Well, it’s day five, and while in chronological terms we may still be in the shallows, in philosophical terms we find ourselves suddenly in deep water.
It is time for the arch moral perspectivist Friedrich Nietzsche and his Aphorisms On Love And Hate.
Described by the publisher as "blazing maxims on revenge, false pity and the drawbacks of marriage" this is a selection of "psychological observations" on the delusions, hypocrisies and fallacies that govern our morality, and is taken from the larger work Human, All Too Human.
Published in 1878, it is an aphoristic prelude to Nietzsche’s seminal work of moral iconoclasm Beyond Good and Evil.
Nietzsche applies a ruthless and dispassionate logic to questions of human nature, and expresses his conclusions with a trenchant assertiveness that is, frankly, hard to love.
He constructs elaborate metaphor, not to convey the beauty or singularity of human experience, but to weave a thread of anti-morality through the fine porous holes in our intellect.
His gifts to the world of ideas include the Will to Power, Slave Morality, Superman (with all of its subsequent Nazi overtones) and The Death of God.
He feeds our humanity in the same way that extreme hardship makes us tough.
So what can it teach brand builders? Well, in many ways this is exactly the sort of unsentimental analysis that marketing needs.
We may be increasingly empathic in the way we deploy creativity, and sharing values may be an increasingly relevant approach for a brand, but the science by which the human psyche is stripped naked and its intimate contours revealed – this, surely, should be anything but cuddly.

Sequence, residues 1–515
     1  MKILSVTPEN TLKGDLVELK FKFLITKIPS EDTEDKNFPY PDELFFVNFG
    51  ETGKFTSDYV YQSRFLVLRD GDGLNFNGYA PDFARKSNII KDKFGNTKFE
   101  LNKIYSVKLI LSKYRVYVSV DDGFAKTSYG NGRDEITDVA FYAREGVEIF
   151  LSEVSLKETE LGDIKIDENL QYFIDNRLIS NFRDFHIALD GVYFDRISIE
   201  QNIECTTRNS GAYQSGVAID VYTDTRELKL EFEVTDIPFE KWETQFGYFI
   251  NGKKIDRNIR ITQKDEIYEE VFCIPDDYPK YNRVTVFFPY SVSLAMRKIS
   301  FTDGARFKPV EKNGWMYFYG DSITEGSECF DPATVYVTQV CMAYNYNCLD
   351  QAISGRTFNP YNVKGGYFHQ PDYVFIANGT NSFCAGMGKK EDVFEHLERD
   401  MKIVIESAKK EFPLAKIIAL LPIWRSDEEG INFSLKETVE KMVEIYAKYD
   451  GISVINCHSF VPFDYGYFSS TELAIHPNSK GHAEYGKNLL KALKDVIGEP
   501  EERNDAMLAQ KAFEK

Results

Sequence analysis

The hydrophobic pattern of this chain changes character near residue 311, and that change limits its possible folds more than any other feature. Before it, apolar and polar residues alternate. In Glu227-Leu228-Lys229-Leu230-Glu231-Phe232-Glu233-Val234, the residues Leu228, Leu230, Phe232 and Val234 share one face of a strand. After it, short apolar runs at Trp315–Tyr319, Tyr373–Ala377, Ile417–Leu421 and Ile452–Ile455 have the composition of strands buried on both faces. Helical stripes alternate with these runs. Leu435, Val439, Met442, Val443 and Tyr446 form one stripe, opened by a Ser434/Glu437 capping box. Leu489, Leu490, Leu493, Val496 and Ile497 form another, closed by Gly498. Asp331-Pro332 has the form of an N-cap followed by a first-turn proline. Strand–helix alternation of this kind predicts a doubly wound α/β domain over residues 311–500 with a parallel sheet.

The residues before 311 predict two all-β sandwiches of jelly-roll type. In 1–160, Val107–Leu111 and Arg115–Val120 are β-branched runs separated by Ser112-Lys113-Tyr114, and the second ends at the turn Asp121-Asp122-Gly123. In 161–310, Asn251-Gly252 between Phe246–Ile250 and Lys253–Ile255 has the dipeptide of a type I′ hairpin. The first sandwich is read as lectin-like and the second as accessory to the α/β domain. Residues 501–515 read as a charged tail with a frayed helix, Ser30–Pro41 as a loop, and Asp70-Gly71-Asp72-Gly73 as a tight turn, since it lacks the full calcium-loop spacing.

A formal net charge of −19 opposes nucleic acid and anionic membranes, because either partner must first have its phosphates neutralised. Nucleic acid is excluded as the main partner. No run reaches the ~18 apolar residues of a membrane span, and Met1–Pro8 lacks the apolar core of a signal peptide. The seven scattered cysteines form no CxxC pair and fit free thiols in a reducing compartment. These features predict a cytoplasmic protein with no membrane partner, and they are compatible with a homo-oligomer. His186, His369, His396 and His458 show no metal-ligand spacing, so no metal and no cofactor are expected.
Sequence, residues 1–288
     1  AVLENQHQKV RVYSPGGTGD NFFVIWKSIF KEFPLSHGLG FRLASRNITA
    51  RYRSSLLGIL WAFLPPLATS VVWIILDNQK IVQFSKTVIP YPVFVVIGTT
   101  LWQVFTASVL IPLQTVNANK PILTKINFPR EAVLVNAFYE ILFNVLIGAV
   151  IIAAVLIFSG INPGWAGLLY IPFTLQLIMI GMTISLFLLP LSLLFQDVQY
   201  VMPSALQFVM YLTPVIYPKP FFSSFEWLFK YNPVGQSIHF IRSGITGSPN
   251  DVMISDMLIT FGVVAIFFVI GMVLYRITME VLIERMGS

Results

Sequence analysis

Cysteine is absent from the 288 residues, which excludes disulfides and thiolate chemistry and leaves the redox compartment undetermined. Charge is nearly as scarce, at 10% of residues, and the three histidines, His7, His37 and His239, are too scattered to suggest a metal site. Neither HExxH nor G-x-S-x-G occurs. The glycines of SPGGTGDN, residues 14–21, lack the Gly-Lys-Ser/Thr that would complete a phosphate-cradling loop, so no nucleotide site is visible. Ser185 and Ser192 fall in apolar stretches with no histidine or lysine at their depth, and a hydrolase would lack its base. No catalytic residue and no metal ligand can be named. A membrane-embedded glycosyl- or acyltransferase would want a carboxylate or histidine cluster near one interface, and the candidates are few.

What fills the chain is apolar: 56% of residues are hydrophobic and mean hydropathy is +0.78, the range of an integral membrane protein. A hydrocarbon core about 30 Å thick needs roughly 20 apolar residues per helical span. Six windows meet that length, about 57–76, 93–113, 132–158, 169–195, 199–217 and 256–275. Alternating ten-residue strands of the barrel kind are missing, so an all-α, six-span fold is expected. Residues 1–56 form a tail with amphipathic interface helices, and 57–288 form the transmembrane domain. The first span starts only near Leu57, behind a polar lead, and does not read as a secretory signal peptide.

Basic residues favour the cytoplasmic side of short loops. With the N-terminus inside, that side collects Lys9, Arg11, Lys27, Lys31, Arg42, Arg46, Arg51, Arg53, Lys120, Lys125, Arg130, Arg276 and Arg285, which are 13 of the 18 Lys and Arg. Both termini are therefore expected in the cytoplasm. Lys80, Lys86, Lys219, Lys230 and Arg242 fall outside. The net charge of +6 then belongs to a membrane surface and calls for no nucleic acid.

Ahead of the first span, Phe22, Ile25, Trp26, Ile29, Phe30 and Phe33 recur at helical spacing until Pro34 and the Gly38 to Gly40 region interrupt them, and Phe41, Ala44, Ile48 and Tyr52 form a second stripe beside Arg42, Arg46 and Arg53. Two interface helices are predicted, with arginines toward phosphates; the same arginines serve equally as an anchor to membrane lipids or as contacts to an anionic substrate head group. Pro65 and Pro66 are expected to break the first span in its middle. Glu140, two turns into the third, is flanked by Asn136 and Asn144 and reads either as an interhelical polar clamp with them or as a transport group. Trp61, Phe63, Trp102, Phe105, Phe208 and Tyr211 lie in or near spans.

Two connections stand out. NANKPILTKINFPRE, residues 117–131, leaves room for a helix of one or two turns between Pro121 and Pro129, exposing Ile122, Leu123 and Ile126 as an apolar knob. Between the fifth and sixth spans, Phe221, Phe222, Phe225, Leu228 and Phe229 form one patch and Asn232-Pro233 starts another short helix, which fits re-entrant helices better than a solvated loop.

If this sounds mad, read Nietzsche’s aphorisms as though they were human insights being presented by an agency or a research company or cited as key direction in a client brief.
Ask yourself whether the insight you last discussed at work was as heartlessly precise as Nietzsche’s observations.
Take away the Prussian atmospherics, the aggressive atheism and the unfortunate place in history, and what you have in Nietzsche is the ultimate surgeon of the human psyche.
He combines the sweeping canvas of moral anthropology with the forensic eye of behavioural economics.
He gets to the (albeit Nietzschean) essence of love, hate, friendship, marriage, pity, revenge and trust, in a way that accompanied shopping and consumer proximity programs never do and never will.
Giles Hedger is the chief strategy officer at Leo Burnett London & Worldwide.
Read the full 80 Books in 80 Days series here